Public Release: 

CWRU DNP publishes first dermatology textbook for advance practice clinicians

Case Western Reserve University

Most health-care workers learn about diagnosing and treating skin disorders through on-the-job training, because there's no standardized curriculum and few continuing education programs.

To help fill that gap, Margaret Bobonich, DNP, FNP-C, DNCP, FAANP, from Case Western Reserve University's Frances Payne Bolton School of Nursing, and Mary Nolen, BC, DCNP, a dermatology nurse at Lahey Hospital and Medical Center in Massachusetts, wrote and published Dermatology for Advanced Practice Clinician (LLW, 496 pages, 2014).

The book is intended as a resource for advanced practice nurses, midwives, general physicians and physician assistants with little training in the specialty, said Bobonich who holds faculty positions at the nursing school and Case Western Reserve School of Medicine.

Bobonich, who developed and completed an interdisciplinary Dermatology Nurse Practitioner Residency and a doctorate of nurse practice in 2009, and Nolen are nationally recognized speakers on the topic of skin diseases.

Heather Onoday, president of the Dermatology Nurses' Association, described the text as more advanced than previously published books on the subject.

Opportunities to learn dermatology are limited because "few dermatology offices and practices allow medical, nurse practitioners and physician assistants to rotate through their practices for clinical experiences," Bobonich said.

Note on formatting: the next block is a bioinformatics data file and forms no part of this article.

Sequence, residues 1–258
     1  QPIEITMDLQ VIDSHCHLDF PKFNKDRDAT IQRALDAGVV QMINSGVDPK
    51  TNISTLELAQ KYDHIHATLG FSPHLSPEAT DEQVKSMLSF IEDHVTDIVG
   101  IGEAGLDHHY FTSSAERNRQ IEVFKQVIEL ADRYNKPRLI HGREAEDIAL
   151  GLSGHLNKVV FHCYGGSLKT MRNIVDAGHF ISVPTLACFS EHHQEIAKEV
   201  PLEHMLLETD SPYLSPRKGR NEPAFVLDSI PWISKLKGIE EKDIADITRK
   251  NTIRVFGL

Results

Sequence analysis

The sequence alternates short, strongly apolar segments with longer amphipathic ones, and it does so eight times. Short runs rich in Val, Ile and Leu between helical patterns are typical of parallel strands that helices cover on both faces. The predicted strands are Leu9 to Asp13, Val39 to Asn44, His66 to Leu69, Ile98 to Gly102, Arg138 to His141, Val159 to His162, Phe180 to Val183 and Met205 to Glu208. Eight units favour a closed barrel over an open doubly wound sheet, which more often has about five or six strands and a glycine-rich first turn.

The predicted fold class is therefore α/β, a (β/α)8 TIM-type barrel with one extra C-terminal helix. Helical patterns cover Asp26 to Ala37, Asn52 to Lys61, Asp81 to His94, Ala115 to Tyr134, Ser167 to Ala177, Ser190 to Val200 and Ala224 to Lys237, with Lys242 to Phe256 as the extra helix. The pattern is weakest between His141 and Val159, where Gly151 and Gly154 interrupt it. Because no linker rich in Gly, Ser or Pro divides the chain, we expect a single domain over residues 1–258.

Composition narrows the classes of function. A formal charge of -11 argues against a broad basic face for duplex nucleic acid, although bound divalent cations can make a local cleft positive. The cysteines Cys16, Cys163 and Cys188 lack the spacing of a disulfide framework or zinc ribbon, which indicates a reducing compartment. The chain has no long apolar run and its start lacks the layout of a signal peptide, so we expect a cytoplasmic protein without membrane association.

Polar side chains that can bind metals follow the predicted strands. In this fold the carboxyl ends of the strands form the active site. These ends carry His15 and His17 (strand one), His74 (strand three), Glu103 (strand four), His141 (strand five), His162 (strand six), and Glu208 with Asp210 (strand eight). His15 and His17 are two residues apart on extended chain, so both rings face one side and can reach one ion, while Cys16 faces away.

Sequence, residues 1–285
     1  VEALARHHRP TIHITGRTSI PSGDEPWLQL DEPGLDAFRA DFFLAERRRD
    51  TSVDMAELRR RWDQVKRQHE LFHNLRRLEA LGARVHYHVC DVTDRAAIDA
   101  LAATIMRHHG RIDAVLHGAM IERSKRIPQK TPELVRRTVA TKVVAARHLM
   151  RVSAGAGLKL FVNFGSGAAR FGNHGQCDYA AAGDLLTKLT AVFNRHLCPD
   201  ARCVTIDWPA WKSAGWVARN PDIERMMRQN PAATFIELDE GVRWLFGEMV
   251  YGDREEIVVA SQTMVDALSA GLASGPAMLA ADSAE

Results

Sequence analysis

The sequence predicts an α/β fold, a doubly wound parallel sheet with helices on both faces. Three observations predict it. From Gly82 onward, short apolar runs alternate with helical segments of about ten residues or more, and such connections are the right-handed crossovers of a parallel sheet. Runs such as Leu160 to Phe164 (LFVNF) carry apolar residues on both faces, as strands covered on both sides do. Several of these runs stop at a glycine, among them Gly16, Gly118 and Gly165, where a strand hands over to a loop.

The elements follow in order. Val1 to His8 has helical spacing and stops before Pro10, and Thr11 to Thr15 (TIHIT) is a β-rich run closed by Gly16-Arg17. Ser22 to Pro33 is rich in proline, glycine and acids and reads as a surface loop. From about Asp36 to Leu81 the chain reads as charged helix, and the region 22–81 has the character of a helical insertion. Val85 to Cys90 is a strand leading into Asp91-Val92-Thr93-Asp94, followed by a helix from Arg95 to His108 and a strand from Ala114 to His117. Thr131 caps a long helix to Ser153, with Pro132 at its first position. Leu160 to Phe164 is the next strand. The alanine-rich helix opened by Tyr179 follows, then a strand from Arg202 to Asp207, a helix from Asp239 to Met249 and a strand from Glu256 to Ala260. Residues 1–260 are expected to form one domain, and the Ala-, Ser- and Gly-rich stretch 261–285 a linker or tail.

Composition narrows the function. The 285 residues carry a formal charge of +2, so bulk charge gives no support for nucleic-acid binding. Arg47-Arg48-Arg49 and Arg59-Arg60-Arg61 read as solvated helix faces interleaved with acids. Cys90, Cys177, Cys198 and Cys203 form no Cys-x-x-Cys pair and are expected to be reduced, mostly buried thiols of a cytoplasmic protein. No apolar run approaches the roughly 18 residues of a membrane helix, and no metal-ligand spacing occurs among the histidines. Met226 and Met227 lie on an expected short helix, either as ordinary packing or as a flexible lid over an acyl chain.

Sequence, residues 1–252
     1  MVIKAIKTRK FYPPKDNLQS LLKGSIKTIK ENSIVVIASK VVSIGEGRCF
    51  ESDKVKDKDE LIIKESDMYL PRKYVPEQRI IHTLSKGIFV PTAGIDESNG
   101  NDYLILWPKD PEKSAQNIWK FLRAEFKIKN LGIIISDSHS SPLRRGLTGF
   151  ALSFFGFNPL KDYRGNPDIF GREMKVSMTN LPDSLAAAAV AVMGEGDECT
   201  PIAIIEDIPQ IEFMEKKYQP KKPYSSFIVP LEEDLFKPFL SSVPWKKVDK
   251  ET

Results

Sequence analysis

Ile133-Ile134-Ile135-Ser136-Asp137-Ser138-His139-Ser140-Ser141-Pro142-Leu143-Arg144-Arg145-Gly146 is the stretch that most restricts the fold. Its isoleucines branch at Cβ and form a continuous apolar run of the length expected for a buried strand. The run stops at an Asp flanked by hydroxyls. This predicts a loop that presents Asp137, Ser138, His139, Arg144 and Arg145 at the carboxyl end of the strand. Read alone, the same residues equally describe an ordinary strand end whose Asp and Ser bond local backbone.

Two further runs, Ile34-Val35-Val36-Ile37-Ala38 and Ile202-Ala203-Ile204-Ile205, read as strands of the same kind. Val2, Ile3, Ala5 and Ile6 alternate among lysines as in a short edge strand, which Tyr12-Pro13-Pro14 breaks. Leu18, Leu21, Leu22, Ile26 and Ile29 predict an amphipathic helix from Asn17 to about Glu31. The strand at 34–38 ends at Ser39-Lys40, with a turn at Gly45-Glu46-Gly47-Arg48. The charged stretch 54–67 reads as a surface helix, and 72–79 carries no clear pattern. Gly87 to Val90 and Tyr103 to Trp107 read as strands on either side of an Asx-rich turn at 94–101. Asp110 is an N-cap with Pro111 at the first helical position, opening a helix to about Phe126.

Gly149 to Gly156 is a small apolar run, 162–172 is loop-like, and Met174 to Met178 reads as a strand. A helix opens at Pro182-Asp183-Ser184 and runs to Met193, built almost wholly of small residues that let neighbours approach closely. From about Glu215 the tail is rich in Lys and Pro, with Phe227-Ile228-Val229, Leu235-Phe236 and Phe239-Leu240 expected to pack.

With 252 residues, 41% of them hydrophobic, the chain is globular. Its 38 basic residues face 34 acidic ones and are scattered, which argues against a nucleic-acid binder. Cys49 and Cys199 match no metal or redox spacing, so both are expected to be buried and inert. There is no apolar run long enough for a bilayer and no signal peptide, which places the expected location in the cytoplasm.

Three post-master's degree programs exist for nurses nationally: at Case Western Reserve, Lahey Hospital and Medical Clinic in Boston and Southern Florida State. These are limited to two-year residencies or fellowships, and only accept one or two nurse practitioners a year.

Bobonich's experiences have taught her that if nurse practitioners and physician assistants learn the science, they can provide high quality dermatology care.

The authors cover the physical characteristics of skin diseases and follow with chapters on specific morphologies, like blisters, scaling, or rashes. The authors have included 600 photographs to help in diagnosing.

The authors offer step-by-step instructions, such as how to apply liquid nitrogen to freeze warts. The book also explores skin diseases found in children, and patients with autoimmune and immune-compromised disease.

Help in navigating the challenging insurance reimbursement process is also provided. The book includes a list of skin diseases' new reimbursement ICD-10 codes, which will become effective this year.


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